Back to basics

Recently I attended the morning presentations at the 22nd annual New York City Mental Health Research Symposium, organized by Brain Awareness Week partner NARSAD: The Brain and Behavior Research Fund. An extraordinarily well-organized and well-moderated event (when you plan public programs, these are things you notice), the symposium brought together NARSAD awardees and research partners for a day of presentations dedicated to cutting edge research on psychiatric illnesses.

At the end of a morning of talks by researchers working to get to the core of complex illnesses such as bipolar disorder and schizophrenia, Dana Alliance member Robert C. Malenka, M.D., Ph.D., took the stage to remind us that none of those findings would be possible without basic neuroscience research, which aims to better understand how the brain works.

In five slides spanning fifteen minutes, Dr. Malenka gave an overview of one of the brain’s most fundamental processes—synaptic transmission—and reminded the audience of its key role in illuminating the pathophysiology of mental illness, among many other areas. He discussed how the neurobiology of the brain is modified based on experience (this is the process known as “plasticity”), and how we are who we are because our experiences—positive and negative—have changed the physical structure of our brains.

No matter how many times this process is explained to me, it never ceases to amaze. My sense was that much of the audience—who were very well-versed in basic neuroscience, judging by their questions during the Q&A periods following each talk—felt the same way, or perhaps felt a bit of refreshment in returning to the basics for a moment and marveling at the complexity of the human brain’s most basic processes.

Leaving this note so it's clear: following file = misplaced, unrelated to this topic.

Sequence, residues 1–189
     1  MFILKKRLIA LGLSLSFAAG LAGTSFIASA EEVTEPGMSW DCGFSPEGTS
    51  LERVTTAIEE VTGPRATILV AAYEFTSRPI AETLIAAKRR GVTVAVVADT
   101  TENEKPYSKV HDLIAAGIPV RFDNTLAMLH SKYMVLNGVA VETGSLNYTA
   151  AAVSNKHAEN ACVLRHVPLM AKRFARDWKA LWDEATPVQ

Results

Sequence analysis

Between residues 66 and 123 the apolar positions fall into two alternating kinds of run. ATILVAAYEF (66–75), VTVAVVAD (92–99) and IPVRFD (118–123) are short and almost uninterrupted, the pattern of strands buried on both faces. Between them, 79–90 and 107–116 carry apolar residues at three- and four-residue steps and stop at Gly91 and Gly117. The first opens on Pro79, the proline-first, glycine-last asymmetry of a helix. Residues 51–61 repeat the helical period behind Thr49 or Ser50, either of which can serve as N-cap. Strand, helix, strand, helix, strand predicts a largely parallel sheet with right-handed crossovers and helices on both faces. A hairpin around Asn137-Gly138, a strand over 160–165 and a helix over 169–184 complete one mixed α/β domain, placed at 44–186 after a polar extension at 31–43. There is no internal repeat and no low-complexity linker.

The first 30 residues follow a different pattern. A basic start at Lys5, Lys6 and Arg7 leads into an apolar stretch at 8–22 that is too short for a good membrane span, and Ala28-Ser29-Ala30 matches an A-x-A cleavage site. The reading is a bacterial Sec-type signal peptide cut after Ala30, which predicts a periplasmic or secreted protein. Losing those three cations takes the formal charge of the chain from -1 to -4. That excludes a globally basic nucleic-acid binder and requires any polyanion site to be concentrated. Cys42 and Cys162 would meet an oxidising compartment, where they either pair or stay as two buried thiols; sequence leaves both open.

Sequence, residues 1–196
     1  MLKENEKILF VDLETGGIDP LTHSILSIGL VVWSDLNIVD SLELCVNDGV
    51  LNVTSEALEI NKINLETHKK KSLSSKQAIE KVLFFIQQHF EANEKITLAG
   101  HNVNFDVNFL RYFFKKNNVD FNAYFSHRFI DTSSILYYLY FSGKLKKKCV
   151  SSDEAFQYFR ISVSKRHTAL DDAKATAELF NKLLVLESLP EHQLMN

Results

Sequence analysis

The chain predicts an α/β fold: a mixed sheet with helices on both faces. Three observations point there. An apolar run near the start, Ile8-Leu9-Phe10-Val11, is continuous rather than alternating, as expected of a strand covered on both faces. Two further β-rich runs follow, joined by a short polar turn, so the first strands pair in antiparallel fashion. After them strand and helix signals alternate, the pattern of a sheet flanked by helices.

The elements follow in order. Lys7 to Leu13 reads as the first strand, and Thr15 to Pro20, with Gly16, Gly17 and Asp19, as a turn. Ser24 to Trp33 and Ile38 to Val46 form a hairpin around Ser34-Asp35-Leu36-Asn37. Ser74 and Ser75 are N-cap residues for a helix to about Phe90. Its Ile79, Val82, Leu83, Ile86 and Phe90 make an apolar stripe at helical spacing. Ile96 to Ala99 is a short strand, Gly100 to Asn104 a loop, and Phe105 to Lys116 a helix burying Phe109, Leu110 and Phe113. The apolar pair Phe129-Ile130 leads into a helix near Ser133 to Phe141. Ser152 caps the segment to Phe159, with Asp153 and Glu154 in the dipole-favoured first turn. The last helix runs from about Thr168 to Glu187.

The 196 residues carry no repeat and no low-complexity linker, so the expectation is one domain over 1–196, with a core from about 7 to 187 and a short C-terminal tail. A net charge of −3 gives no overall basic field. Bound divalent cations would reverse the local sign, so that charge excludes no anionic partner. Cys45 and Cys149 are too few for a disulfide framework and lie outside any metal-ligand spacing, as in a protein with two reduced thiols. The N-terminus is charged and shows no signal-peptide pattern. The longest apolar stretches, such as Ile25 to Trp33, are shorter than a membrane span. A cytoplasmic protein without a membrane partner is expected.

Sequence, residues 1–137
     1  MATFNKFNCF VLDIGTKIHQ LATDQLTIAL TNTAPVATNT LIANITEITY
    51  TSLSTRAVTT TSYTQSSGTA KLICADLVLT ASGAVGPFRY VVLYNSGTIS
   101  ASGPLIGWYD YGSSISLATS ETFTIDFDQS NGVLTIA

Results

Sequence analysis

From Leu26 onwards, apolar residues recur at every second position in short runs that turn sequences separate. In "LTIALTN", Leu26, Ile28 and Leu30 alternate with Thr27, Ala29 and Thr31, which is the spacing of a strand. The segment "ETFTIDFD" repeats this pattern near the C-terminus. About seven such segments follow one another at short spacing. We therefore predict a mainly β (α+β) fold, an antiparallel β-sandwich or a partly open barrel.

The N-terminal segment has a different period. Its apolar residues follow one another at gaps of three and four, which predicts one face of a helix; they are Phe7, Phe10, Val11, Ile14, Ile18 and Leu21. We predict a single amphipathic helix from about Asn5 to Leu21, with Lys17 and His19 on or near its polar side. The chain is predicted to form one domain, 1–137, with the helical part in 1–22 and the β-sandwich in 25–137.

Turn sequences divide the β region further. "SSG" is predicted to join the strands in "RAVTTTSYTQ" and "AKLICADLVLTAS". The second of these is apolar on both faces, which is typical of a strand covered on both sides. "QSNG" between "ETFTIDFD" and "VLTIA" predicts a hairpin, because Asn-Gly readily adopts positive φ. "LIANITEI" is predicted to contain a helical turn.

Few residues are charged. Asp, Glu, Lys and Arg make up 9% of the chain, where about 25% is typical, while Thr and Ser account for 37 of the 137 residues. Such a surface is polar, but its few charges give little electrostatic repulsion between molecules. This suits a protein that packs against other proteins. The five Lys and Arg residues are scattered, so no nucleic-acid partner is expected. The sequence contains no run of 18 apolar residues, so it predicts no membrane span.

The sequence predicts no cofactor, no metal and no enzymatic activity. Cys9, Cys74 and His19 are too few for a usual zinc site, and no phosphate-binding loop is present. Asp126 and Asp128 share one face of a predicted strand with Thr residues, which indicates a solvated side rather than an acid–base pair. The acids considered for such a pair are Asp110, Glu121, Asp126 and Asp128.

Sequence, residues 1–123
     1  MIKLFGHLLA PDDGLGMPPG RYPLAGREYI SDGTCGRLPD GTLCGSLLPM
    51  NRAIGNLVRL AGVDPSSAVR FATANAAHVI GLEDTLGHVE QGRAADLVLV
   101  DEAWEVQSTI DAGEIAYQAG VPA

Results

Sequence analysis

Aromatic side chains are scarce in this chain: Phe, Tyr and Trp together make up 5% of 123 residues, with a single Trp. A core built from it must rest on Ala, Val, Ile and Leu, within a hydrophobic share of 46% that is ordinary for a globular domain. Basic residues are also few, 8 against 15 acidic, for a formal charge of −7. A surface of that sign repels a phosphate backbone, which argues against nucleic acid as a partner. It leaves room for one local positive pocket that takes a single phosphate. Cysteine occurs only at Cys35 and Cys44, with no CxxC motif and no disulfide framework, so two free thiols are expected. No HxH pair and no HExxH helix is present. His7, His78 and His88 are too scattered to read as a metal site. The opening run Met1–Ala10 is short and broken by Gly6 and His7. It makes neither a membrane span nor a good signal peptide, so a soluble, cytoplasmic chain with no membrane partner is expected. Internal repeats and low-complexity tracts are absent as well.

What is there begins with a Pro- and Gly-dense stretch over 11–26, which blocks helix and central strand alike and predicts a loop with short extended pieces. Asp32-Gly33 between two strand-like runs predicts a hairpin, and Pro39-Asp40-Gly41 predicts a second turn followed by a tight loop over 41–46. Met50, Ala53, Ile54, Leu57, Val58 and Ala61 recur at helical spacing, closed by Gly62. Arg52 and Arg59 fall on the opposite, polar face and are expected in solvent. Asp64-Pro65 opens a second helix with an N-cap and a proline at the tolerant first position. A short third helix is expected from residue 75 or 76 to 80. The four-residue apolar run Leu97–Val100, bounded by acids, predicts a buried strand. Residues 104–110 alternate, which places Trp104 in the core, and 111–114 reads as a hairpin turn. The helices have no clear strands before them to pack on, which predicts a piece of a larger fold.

My favorite part came during the Q&A following Dr. Malenka’s talk, when he was asked about the influence of age on synaptic plasticity. This is the topic at the core of the Alliance’s Staying Sharp program, so I was so pleased when his answer was, in a nutshell: “Use it or lose it.” He spoke about how scientists now know that we don’t necessarily have to lose plasticity as we age, so long as we keep our brains active. As we outline in our Staying Sharp program, this includes engaging in mental exercise, maintaining strong social ties, and maintaining vascular health through regular exercise, good nutrition, and keeping risk factors such as cholesterol, blood pressure, and weight in check.

For those who are already “using it” by engaging in mental exercises such as word crosses or Sudoku, here’s an encouraging anecdote: As I stood in line to use the restroom during the morning break, the mother of one of the presenters was in line on my left. “It’s amazing how much I am learning about my son today,” she began. “I had no idea of all the accolades he’s received—he never tells me anything!”

“When did you begin to understand how much potential your son had?” the woman to my right asked.

Without missing a beat the proud mother responded: “As a little boy he was always doing puzzles.”

–Sarah King

One response

  1. How endearing. I love the personal anecdote you reported. It puts a human face on the weighty science matters we decipher.

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